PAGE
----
June 1 Is an Important Crop Insurance Date
The frequent rains that soaked parts of the Corn Belt this spring have left many corn and soybean fields unplanted or with flooded areas that need to be replanted. Some producers are wondering what options they have under their multiple peril crop insurance policies. The first step is notifying your crop insurance agent as soon as possible and understanding crop insurance provisions.
In Iowa, the crop insurance late-planting period for corn begins on June 1 and varies across the Corn Belt. You can still plant corn after this date, but the insurance guarantee on those acres is reduced by 1% per day until planted. Corn acres planted after June 25 will receive insurance coverage equal to 60% of their original guarantee.
Producers should keep accurate records of planting dates on all remaining acres for both crop insurance and Farm Service Agency (FSA) purposes. The late planting period for soybeans in Iowa is June 16 through July 10.
Unplanted corn acres as of June 1
Beginning June 1, producers with unplanted corn acres have three choices.
- Plant corn as soon as possible with a reduced guarantee.
- Shift to soybeans with full insurance coverage.
- Apply for prevented planting. Prevented-planting acres are insured at 55% of their original guarantee for corn and 60% for soybeans. A cover crop can be established on those acres or the land left idle (black dirt).
Acres that have been planted, but need to be replanted, may qualify for a special replanting insurance payment. Payments are based on the value of 8 bushels of corn or 3 bushels of soybeans per acre, times their respective projected insurance prices determined in February.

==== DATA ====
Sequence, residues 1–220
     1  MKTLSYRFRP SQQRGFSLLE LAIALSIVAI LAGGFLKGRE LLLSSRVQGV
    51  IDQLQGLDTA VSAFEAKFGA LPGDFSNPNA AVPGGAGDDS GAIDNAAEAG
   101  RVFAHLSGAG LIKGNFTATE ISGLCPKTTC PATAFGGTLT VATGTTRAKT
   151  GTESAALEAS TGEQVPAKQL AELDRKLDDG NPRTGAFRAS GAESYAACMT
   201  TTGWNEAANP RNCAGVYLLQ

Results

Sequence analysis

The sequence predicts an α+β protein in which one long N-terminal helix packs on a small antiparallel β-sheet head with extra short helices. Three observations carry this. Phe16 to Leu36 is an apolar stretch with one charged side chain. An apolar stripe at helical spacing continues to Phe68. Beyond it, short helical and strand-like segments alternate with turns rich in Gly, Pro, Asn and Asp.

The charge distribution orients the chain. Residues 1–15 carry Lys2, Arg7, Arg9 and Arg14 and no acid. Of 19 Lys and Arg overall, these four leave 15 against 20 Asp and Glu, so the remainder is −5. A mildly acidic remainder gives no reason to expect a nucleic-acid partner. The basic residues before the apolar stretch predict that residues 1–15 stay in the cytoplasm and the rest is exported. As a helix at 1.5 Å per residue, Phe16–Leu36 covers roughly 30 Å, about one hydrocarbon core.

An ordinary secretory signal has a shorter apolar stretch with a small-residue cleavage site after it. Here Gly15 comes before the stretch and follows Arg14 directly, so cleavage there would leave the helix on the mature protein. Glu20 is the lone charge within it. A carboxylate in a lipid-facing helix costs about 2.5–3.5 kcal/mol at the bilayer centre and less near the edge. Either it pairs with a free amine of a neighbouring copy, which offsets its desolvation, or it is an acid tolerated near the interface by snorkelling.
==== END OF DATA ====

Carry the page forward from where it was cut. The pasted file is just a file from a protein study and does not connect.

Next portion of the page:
For 2017, that is about $32 per acre for corn and $31 per acre for soybeans, respectively. To qualify for an indemnity payment under the replanted or prevented planting provisions, a minimum area of 20 acres or 20% of the insured unit must have suffered loss, whichever is smaller.
Producers should communicate with their crop insurance agent before making decisions about replanting or abandoning acres.
Establishing a cover crop is not required on prevented planting acres, but highly recommended. The rules set by USDA’s Risk Management Agency (RMA), which oversees the federal crop insurance program, do not require a cover crop.
However, RMA encourages cover crops and insureds will receive a full-prevented planting payment — even if they choose not to plant a cover crop. Leaving unplanted or abandoned acreage idle (black dirt) is probably not the best agronomic choice. Likely cover crop seed includes oats, wheat, barley, or millet.
Keep in mind, if you plant any kind of cover crop you cannot harvest or graze those acres until after November 1.
Expect most of Iowa fields will be planted this spring. A few acres may require replanting. For crop insurance purposes, these fields will be in the delayed planting or replant situation. Regardless, producers should keep good records of planting dates and acres for both crop insurance and FSA acreage certification. Write down the dates you planted, the crop, number of acres, and reference the farm name or number. Work with your crop insurance agent and understand the basic provisions of crop insurance.
ISU Extension resources on crop insurance
More details can be found in the publication Delayed and Prevented Planting Provisions, file A1-57 on the Iowa State University Extension Ag Decision Maker website. An electronic decision spreadsheet is also available to help analyze alternative actions.
Steve Johnson is an Iowa State University Extension and Outreach farm management specialist. He can be reached at email@example.com